In the 2019 opinion of Brown v Tamas, the California Court of Appeals addressed an important, but complicated issue in international service of process: Which judicial documents require service?
According to the Hague Conference, judicial documents include
writs of summons, the defendant’s reply, decisions and judgments delivered by a member of a judicial authority, as well as witness summons (subpoenas), and requests for discovery of evidence sent to the parties even if these are orders delivered as part of evidentiary proceedings.
But this guidance does not indicate which of these judicial documents must be served. Complicating the matter, although the Hague Service Convention is applicable to all judicial and extra-judicial documents that require service, under the guidance of the Hague Conference, service of subpoenas occurs pursuant to the Hague Evidence Convention and not the Hague Service Convention.
At issue in Tamas is whether a probate “notice” could be delivered or must be served upon an heir.
Does a Probate Notice Require Service?
While this case has some twist and turns, its key facts are as follows: Notice that the estate of the decedent was to be probated was mailed to an heir who resided in Argentina pursuant to California’s Probate Codes §8110 and §1215. In relevant part these statutes state:
“At least 15 days before the hearing of a petition for administration of a decedent’s estate, the petitioner shall deliver notice of the hearing pursuant to [Probate Code] Section 1215 on… [e]ach heir of the decedent, so far as known to or reasonably ascertainable by the petitioner;”… [notice of the proceedings can be delivered by first-class] mail [to domestic heirs]; while outside of the US, such notice may be delivered in a manner that is reasonably calculated to give actual notice, as prescribed by the law of the place where the person is served or as directed by the foreign authority in response to a letter rogatory.
The Argentina heir objected to the estate’s probation because she did not receive “proper notice” pursuant to the Hague Convention. More specifically, because Argentina has objected to mail service under the Hague Convention, the mailing of the notice was not proper under Argentina’s law (or US law). This statement is clearly true when the documents to be transmitted to Argentina require service. But, this statement is not necessarily true when the documents to be transmitted abroad only require delivery and not formal service.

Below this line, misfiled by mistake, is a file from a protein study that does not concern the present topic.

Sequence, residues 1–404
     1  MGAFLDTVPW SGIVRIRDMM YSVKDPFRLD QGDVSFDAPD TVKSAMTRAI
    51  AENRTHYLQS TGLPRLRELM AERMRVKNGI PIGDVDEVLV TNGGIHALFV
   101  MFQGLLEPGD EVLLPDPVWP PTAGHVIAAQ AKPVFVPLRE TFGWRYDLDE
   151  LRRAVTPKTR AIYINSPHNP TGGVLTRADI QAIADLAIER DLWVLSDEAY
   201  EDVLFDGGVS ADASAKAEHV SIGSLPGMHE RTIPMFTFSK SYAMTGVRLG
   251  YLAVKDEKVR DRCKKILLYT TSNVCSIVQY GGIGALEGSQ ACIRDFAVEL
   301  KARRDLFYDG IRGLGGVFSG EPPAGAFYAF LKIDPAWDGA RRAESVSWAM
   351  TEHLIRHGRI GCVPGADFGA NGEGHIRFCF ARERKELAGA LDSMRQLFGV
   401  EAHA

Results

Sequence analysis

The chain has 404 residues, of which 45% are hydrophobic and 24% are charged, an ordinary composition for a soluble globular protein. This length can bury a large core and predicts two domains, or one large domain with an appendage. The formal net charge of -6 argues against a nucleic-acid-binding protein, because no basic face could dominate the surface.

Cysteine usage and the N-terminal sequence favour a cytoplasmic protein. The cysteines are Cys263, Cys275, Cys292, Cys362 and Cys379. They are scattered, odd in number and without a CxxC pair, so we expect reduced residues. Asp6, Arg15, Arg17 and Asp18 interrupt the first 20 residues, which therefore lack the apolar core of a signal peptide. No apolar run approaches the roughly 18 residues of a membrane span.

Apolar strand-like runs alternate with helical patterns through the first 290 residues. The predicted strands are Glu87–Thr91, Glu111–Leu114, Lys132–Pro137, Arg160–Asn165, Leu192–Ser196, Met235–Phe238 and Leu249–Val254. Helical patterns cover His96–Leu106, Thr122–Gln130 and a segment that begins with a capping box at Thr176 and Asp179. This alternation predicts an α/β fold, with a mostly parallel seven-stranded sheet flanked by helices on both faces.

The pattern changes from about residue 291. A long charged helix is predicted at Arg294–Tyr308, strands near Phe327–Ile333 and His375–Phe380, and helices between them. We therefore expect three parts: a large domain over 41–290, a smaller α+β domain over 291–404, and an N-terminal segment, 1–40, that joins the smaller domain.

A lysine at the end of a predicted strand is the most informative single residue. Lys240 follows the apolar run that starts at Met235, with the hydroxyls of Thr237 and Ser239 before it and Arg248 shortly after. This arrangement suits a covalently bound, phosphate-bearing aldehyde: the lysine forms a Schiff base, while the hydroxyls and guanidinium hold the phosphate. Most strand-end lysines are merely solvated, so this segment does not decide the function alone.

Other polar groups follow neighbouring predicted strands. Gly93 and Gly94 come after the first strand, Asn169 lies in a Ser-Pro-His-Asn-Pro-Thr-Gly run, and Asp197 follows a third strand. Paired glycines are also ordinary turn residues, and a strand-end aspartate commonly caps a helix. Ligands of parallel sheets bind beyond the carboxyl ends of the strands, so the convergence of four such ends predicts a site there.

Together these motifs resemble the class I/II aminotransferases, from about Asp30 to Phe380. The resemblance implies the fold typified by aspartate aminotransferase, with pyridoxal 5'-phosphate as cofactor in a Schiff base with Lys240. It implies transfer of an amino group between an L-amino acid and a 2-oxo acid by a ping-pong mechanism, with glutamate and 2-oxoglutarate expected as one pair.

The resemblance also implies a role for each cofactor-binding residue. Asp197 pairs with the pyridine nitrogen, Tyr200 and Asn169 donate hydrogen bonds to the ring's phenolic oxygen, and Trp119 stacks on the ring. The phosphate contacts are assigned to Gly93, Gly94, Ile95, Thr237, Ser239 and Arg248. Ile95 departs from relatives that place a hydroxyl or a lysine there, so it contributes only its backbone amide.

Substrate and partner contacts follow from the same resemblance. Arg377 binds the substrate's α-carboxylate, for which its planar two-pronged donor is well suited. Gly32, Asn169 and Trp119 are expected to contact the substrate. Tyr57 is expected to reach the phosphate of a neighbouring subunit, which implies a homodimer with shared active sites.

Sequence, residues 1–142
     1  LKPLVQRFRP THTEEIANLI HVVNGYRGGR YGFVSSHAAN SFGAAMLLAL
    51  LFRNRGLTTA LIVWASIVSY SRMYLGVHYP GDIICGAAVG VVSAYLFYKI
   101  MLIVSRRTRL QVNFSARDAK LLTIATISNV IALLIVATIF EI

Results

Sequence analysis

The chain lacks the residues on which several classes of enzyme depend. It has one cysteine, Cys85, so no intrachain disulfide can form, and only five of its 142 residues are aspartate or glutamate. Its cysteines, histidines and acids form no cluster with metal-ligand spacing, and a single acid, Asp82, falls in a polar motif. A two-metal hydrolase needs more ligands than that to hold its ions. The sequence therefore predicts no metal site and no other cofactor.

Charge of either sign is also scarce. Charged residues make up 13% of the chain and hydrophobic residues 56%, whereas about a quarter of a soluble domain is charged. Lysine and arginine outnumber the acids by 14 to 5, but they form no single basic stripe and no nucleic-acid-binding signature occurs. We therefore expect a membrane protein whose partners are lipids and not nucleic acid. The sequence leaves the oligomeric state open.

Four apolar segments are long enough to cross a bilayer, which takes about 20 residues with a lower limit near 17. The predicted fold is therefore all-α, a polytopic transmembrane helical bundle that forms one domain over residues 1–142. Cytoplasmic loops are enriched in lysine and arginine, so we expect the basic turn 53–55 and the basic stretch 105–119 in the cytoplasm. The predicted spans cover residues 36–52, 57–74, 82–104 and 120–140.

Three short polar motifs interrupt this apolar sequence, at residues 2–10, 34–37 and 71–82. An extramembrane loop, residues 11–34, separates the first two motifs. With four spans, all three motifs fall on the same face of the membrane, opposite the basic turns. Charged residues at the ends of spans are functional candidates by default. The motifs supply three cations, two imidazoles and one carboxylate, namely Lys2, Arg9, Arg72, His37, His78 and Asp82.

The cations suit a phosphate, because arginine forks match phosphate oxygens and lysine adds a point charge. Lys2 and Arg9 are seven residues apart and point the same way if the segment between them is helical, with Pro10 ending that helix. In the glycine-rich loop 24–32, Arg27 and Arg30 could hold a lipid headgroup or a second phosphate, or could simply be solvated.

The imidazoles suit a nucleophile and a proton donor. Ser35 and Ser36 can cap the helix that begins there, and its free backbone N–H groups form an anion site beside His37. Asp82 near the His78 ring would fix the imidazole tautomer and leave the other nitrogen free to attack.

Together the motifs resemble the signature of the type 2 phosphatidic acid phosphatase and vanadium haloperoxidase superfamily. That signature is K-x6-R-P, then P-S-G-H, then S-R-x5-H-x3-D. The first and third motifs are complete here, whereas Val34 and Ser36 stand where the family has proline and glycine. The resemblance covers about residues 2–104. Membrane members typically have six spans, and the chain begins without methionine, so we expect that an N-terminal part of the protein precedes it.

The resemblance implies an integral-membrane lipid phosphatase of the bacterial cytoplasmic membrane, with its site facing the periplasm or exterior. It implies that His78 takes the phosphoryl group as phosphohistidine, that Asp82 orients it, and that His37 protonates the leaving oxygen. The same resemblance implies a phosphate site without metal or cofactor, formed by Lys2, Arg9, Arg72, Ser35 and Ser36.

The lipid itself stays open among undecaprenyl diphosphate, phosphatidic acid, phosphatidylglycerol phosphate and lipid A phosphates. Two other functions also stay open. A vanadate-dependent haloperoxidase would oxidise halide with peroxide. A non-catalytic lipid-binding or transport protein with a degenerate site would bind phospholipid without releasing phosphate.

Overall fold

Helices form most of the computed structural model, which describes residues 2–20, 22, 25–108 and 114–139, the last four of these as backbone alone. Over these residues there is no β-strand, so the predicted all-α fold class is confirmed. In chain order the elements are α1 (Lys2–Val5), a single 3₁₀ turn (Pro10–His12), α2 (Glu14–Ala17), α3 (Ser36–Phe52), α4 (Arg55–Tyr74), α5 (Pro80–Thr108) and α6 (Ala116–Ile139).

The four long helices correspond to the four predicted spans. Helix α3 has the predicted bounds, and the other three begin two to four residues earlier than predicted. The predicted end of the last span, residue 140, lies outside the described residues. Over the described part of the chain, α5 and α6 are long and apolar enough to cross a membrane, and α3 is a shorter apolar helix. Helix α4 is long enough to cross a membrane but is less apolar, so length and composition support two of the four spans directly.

That the probate notice per statue only required “delivery” is where the California Court of Appeal would rest its opinion.
The Court’s Opinion
The court began its analysis with a bold statement: “A notice of hearing does not require service of process.” (Emphasis added).
According to the court, the purpose of
effecting service of process in a civil case is to obtain personal jurisdiction over the defendant. In order to probate a will or to appoint a personal representative of an estate, a probate court does not need to have personal jurisdiction over any person. The court obtains subject matter jurisdiction over the estate by: (1) making findings regarding the decedent’s date and place of death; (2) making findings that the decedent was domiciled or left property in California at the time of death; and (3) confirming that notice of the petition to administer the probate estate has been published.
[d]ue process requires that all known or reasonably ascertainable heirs and creditors receive actual notice of the proceedings. Constructive notice by means of publication satisfies due process for heirs and creditors whose identities or whereabouts are not reasonably ascertainable.
Such notice is satisfied by mailing the notice to the heirs and creditors.
Why the Court’s Opinion Requires a Closer Look
While the court conceded that the need for “notice only” vs formal service in California probate cases is not an uncommon problem, the court held in this case that §8110’s “requirement of delivery of a notice of hearing on a petition for administration of an estate does not require service of process subject to the Hague Service Convention.”